You Always Have Time

Good evening, friends and neighbors.

​I was not always me. This is how I decided I didn’t have time to not be me anymore.
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Boston, 2009

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The day I decided I didn’t like being someone else anymore, I was tired and angry.
It was 6 years ago this month, and I had just spent months being a Sad Shmuck. I was home from a family trip to Orlando, Florida. My best friend and roommate had come along- my family had a spare ticket. The ticket was spare was because it was SUPPOSED to belong to my then-girlfriend, but we had broken up a few months before. The relationship hadn’t been going well, in retrospect. The writing was on the wall, but I was hoping there was a typo. The split came- angry, hurtful, and bitter. Before the split-up, I had always been a bit of a shmuck- not too much personal discipline, or reason to have any. Now though, things were worse. For a while, I saw little point in EVER having any. I knew I couldn’t do it, I knew it would all end in tears, and I knew it was all pointless. I was a Sad Shmuck. 

Months later, I was still bitter- and I hated it. Life had gone on. I worked, I went to school- and every day I looked in the mirror, and scowled at the Sad Shmuck that I believed had loved, screwed it all up, lost it, and would probably do it again- that Sad Shmuck.
I needed to get rid of him, or get him out of the driver’s seat. The self-pitying, self-absorbed Sad Shmuck was dragging me down, and if I didn’t do something about him- and myself- it was going to ruin everything good in my life.
I was angry, and in pain. It was energy going to waste- it needed to go somewhere else. Out. Ideally efficiently, non-destructively, and legally.

Joining a gym seemed like a good idea. 

Sacked out on my busted mattress-on-the-floor bed, in sheets I didn’t wash often enough, I perused the local gym listings. The Sad Shmuck piped up.

“Where will I find the time?”
“It costs too much to join the gym!”
“I work weird hours.”

The last two questions were solved with the discovery of Snap Fitness– a franchise of 24-hour gyms, with a $50/month membership I could easily budget for.
The first question, however, was solved with an epiphany-

“I was doing this RIGHT NOW.”

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Recently, my older sister Steph wrote a blog entry about allocating her time and energy. She was tired of her routine and feeling like she was on a hamster wheel- running herself ragged doing everything she “HAD” to do, at the expense of everything that made doing those things worthwhile. She ends her blogs with questions for her readers- this one was fill in the blank: “I would cancel ____ to do _______ instead.”

As I read her blog (like you folks all should tooboth of my sisters are fantastic writers), I tried to answer the question… and realized I couldn’t. Everything I do now, I wouldn’t give up to do something else. The life I live is not perfect or easy, and I feel dissatisfied sometimes. What I DO, however- I feel no regrets for any of it. The only time I feel I waste is when I am doing nothing, or wavering in indecision- and I realized that I was not always this way. It all changed that day, laying on my groady bed looking up gyms, when I finally learned-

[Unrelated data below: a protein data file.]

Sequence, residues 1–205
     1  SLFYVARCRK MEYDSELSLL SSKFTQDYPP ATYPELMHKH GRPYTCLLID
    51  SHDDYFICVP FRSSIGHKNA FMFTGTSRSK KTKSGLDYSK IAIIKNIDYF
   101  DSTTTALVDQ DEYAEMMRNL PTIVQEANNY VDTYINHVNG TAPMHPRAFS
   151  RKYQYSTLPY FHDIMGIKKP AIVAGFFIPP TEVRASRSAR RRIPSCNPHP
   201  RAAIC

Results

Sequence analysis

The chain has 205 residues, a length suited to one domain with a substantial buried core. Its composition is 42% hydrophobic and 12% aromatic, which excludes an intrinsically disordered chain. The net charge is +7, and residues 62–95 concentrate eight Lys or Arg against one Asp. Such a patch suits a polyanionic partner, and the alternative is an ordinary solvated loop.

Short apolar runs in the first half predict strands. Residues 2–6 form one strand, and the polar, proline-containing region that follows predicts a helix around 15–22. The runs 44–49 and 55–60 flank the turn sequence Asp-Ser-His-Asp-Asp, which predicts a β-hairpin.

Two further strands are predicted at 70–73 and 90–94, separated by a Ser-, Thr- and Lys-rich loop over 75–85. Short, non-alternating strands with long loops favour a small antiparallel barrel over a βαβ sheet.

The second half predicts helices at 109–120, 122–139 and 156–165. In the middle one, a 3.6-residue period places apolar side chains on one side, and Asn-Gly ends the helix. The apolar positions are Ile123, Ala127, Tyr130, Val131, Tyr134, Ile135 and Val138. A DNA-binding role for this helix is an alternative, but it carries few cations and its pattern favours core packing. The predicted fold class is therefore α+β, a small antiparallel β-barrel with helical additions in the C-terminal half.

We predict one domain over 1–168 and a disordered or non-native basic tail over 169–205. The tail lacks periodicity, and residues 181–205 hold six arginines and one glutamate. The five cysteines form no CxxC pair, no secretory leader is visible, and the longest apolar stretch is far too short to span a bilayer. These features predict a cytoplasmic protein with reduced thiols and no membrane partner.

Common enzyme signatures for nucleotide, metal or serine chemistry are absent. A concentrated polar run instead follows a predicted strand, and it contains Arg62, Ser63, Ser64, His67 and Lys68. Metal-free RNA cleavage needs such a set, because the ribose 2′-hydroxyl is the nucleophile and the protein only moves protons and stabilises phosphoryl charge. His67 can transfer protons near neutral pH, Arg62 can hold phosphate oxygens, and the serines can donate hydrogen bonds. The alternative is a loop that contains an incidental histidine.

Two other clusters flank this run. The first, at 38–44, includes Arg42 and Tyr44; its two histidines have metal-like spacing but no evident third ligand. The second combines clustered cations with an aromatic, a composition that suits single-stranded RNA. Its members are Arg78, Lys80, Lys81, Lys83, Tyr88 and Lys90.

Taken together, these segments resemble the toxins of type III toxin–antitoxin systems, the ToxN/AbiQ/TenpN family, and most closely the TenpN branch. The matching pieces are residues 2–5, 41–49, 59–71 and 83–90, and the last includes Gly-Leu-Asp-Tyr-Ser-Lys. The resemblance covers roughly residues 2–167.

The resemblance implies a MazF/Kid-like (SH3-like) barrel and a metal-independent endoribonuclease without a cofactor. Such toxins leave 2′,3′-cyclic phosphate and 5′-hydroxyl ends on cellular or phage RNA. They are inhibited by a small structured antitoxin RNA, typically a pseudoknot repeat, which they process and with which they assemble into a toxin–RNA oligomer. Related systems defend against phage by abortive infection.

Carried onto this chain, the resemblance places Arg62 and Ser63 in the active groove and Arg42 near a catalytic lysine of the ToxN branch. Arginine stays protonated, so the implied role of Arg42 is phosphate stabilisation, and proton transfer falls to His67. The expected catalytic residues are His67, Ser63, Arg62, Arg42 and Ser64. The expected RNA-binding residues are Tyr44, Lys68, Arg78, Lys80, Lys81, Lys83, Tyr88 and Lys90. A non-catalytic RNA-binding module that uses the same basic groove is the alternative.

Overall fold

“YOU ALWAYS HAVE TIME FOR WHAT YOU MAKE TIME FOR.”


How many times had I wasted hours, lying in bed and watching YouTube or gaming? How often had I burned whole days of my life into screens, getting only shallow entertainment and the feeling of belonging from my gaming community?
Here I was, lying in bed on the computer like always- but now it was to do something GOOD for myself. It was THAT EASY.

(An aside here: I still dearly love and remember those communities, particularly on Second Life- I have dear friends today I may not have met otherwise because of them.)

I had the time. I ALWAYS had the time. My life, my health, my fitness all had to become at LEAST as important to me as staring at a screen and loafing in my pajamas until evening, and then wandering out to Wawa for a sandwich and candy.

The hardest day reallocating my time was the first…. and the easiest was the second.

If I had time to binge watch old Warehouse 13 episodes, I had time to do some exercises in the living room.

If I had time to flip through old internet memes, I had time to put thoughts down on paper and fall in love with writing again.

I don’t live an easy life, compared to others.
I definitively don’t live a stress-free life.
A happy life is not necessarily either.

What I do have is the freedom- personally found, regularly practiced- to devote my time and energy to the activities that bring me joy. You can fill libraries with books on personal management and time management. There are people who get paid to talk your ears off about it.

All of them can get boiled down right here:
1. Only make commitments that you need to/want to- to others AND yourself.
2. Honor the commitments you DO make- to others AND yourself.
3. Don’t be afraid to walk away from bad commitments – to others AND yourself.
And, most importantly,
4. YOU ALWAYS HAVE TIME FOR WHAT YOU MAKE TIME FOR.

That’s all for now. Remember the wise words of Zathras-

“Time? Cannot run out of time. There is INFINITE time. YOU are finite. Zathras is finite. This… is wrong tool.”
– Zathras (Tim Choate), Babylon 5, “War Without End”

Stay Classy,

One thought on “You Always Have Time

  1. “Everything I do now I wouldn’t give up for something else.” Achievement Unlocked: Life Goals. Someday I will say the same!

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